On the wild side—January, 2012
by Tina Mitchell
Looking in flight like a railroad tie with a white head and white tail, the majestic Bald Eagle is the second largest bird of prey in North America, bested only by the California Condor. Males and females wear the same plumage although males are considerably smaller. This distinctive plumage only appears in birds 4 – 5 years old, though. Prior to that age, the plumage varies widely, with varying mixes of brown and white. The scientific name—Haliaeetus leucocephalus—derives from Latin and Greek (“haliaetus”) for a sea eagle. (Those reading closely may have wondered about the “ee” in the scientific name—an error made by the person who originally names the species. The wacky rules of taxonomists require that the original misspelling persist. Go figure.) The species name means “white-headed,” (“leukos” = white; “kephale” = head). The common name denotes that its head appears to be bald when contrasted to its dark body. Finally, the English word “eagle” traces from Latin (“aquila”), meaning an eagle.
Primarily fish eaters, Balds typically hang out close to water. The Breeding Bird Atlas workers confirmed 33 breeding pairs in Colorado from 1985 – 1995, mainly on the Western Slope. In the current Breeding Bird Atlas work, 40 breeding pairs have been confirmed, with another 50 pairs listed as “possible” or “probable” breeders. In the winter, the state’s Bald Eagle numbers soar as birds from far northern interior areas find their way south. The timing of this explosion varies, since the primary motivation for the movement arises as open water further north freezes. In our area, we generally start to see an early Bald Eagle or two in the large cottonwoods and ponderosa pines along the river beginning in mid-November. After Thanksgiving, the numbers stabilize until mid-February, when the Balds begin to head back north to their breeding grounds.
Scavenging along reservoir shores and rivers, Bald Eagles watch from high perches for dead or stranded fish or crippled waterfowl. They won’t hesitate to steal food from smaller fish-eating birds such as Osprey too. When fish are abundant, such as at spawning runs in Alaska, the bird may simply wade into shallow water to grab a meal.
Bald Eagles typically don’t breed until they’ve attained the classic adult plumage at age 4 – 5 years and they may mate for life. Often returning year after year to the same site, BAEAs build or add on to a massive stick nest, called an “aerie” (good crossword puzzle word!) near the crown of a large tree. The female lays 1 – 3 eggs at 3 – 4 day intervals. Both the male and the female develop a brood patch (a highly vascularized area of bare skin on the belly), so both parents share the Incubation duties lasting 34 – 36 days. Initially both parents feed the nestlings directly with small pieces of food ripped off a carcass. Around 3 – 6 weeks of age, the nestlings begin pecking at carcasses that the adults have left intact in the nest. For several weeks prior to their first attempts at flight, nestlings lumber around the huge nest flapping their wings and sometimes hopping to adjacent limbs. Nest departure occurs from 8 – 14 weeks after hatching. Fledglings may continue to use the nest as a home base for food for several weeks as they perfect their foraging and flight skills. Once they leave the nest area for good, they continue to associate with other young and the parents for another month or two.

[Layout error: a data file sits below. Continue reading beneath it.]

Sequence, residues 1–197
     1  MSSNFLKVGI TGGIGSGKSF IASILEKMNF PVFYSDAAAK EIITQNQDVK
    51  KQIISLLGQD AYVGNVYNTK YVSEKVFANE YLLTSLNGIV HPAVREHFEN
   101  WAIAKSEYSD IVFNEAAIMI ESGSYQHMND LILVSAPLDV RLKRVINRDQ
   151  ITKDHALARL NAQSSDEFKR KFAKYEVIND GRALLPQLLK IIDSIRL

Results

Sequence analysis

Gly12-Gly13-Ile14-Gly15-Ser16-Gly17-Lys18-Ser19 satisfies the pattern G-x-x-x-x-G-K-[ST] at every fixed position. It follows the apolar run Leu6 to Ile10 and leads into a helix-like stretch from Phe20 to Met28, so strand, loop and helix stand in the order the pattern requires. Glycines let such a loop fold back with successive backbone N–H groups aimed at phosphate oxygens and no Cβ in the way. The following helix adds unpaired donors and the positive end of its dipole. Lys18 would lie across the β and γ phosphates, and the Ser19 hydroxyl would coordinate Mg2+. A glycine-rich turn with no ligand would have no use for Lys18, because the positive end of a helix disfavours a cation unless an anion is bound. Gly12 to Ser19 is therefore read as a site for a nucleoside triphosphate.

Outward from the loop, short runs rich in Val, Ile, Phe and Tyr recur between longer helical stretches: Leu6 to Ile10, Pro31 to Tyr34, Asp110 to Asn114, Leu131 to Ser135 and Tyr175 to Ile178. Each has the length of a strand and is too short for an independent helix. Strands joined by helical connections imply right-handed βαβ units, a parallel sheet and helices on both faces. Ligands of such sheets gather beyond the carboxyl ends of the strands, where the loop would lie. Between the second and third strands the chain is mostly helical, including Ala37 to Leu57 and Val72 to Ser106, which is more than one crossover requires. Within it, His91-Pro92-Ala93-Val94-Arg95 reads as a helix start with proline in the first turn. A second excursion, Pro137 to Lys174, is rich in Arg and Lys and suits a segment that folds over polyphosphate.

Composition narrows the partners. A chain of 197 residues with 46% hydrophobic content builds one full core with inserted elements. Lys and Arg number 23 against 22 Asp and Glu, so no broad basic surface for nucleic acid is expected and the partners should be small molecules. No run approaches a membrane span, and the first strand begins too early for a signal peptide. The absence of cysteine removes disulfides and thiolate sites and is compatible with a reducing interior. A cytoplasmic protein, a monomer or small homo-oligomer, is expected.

Starting in the 19th century, hunting, the loss of nesting habitat, and, later, contamination of their food by pesticides (primarily DDT) decimated the population. Populations have increased dramatically since 1980 as DDT levels dropped and environmental awareness increased. By the late 1990s, Bald Eagles had breeding populations in every Canadian province and in every state in the U.S. except for Hawaii, Rhode Island, and Vermont.
in 1782, Congress selected the Bald Eagle as the national emblem—much to the dismay of Benjamin Franklin. Perhaps more than a bit tongue-in-cheek, Franklin wrote to his daughter of his objections in 1784.
…the bald eagle … is a bird of bad moral character. He does not get his living honestly … Too lazy to fish for himself, he watches the labor of the fishing hawk, takes [his catch] from him… For a truth, the turkey is in comparison a much more respectable bird, and withal a true original native of America… He is, besides a little vain and silly, a bird of courage, and would not hesitate to attack a Grenadier of the British Guards, who should presume to invade his farmyard with a red coat on.
As much as I admire and appreciate Wild Turkeys, I have to admit I’m glad that Franklin didn’t win the day. Somehow, Thanksgiving dinner would have a very different feel if we all pulled up a chair to a delectable meal of the symbol of the nation. Bald Eagle, it is!
You can read more about this species, find links to photos, and hear a clip of the incongruous voices of this massive bird here.
Photos thanks to Wikimedia Common (photographers, NASA/Gary Rothstein and Mary Lynn Stephenson, respectively).